“Fictions”, or “Ficciones”, is the publishing of a collection of short stories by the Argentine writer, poet and pioneer of the magic realism genre, Jorge Luis Borges. The collection includes his stories “The Circular Ruins”, “The Lottery in Babylon”, “The Library of Babel”, “Funes the Memorious” and “The Form of the Sword”, among others, and is an incredible menagerie of tales that puts on show all aspects of Borges’s writing style. The incredibly solid mixing of realism with mystic oddity, the obscure and treatise-like diction and pace, and of course the “Borgesian” non-linearity that forms his stories creates his signature; an elegantly philosophical reading experience. It is always a joy to open this book to a random story and glimpse a world of libraries, labyrinths, philosophers and fictions.

Ashtyn Haggard

3. “Coraline” by Neil Gaiman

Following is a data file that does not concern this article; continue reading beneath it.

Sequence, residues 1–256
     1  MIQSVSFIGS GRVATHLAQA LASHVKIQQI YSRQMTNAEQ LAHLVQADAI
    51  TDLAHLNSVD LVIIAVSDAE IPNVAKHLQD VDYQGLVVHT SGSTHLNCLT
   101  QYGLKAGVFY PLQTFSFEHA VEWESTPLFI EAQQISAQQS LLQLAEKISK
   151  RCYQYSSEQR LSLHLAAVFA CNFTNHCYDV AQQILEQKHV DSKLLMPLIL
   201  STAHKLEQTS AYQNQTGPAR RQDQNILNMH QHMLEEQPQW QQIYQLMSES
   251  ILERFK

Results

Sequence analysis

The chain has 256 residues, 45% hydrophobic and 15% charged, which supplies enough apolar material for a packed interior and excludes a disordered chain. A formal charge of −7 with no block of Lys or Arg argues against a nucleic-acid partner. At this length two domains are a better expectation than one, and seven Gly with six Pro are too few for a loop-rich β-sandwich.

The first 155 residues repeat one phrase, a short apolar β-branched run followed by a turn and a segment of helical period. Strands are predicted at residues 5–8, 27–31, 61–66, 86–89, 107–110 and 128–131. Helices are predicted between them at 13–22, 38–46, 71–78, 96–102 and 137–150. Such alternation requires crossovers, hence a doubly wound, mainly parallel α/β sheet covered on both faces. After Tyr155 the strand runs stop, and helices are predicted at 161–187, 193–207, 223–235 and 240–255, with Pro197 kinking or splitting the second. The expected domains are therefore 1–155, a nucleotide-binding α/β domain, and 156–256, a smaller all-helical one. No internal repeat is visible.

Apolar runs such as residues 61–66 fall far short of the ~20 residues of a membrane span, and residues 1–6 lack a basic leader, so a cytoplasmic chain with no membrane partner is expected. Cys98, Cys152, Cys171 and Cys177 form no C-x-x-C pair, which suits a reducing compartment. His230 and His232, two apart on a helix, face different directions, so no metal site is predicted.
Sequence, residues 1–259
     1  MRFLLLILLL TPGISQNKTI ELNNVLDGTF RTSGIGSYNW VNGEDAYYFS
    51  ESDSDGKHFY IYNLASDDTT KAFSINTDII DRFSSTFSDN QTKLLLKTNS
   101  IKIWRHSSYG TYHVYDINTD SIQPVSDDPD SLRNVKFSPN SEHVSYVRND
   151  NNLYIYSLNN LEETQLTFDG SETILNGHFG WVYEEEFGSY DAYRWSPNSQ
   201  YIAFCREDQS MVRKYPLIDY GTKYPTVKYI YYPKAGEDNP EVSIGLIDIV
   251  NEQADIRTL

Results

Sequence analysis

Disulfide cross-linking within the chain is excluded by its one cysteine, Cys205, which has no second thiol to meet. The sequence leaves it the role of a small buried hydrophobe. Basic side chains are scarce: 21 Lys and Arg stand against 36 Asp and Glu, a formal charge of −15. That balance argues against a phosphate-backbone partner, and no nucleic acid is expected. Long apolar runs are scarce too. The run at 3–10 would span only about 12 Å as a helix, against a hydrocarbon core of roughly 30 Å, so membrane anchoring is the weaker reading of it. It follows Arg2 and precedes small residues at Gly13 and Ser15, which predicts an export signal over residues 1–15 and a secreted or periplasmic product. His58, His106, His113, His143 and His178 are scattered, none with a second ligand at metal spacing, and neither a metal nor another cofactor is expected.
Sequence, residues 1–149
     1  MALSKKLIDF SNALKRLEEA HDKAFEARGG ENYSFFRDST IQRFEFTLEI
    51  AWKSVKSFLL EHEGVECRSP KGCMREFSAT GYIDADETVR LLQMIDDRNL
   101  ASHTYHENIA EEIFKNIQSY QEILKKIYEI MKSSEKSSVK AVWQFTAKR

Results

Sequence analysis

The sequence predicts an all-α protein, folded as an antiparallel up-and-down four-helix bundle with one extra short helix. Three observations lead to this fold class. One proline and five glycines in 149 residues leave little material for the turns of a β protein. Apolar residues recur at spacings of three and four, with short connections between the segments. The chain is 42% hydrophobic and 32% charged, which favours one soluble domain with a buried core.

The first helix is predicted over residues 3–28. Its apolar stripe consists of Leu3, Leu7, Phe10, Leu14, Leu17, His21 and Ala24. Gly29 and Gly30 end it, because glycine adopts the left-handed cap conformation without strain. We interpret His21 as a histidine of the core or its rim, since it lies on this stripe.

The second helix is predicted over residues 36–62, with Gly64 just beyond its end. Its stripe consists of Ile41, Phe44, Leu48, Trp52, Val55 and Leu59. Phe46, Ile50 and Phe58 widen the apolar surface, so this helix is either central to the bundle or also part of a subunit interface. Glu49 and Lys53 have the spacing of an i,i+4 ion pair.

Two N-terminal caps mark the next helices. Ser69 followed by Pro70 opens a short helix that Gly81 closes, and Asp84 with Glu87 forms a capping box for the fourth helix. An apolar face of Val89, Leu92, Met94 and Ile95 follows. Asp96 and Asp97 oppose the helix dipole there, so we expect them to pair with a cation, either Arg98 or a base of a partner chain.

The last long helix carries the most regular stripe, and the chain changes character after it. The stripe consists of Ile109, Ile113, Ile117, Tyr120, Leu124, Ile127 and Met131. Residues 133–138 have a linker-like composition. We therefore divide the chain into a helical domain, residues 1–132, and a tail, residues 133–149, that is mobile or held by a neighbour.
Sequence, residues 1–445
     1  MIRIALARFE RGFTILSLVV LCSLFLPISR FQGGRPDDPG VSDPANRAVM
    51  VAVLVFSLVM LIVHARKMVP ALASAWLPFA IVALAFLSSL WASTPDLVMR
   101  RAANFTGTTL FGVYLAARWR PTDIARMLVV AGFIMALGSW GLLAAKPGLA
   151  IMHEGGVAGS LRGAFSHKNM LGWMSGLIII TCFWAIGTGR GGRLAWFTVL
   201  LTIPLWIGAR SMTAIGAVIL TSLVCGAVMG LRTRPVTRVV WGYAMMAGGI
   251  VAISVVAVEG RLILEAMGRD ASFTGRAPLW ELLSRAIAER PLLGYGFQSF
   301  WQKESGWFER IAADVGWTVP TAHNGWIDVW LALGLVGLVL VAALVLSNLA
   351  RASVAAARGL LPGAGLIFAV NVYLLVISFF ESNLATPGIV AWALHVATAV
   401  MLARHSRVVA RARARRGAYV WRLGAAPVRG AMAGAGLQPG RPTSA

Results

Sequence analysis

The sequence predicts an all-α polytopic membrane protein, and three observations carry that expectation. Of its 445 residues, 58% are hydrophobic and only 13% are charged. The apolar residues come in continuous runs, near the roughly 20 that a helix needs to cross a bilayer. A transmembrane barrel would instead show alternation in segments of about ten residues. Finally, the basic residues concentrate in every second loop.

“Coraline” is a very small and personal novella penned by Neil Gaiman and published in 2002. According to Gaiman, It was written with the express purpose of being a fairytale and ghost story for his daughter, and has since been adapted into a stop-motion film by Laika Studios. The story follows a young girl named Coraline who, after moving into a new home, finds a wooden door locked with an iron key. Once she journeys through and discovers a world that mirrors her own, she finds it seems better than the one she came from. Gaiman’s famously evocative but efficient prose comes in full force here as Coraline begins to see this other world for what it really is. It is a book held dear by many people for it’s experience of that comforting, familiar fear of reading childhood fairytales.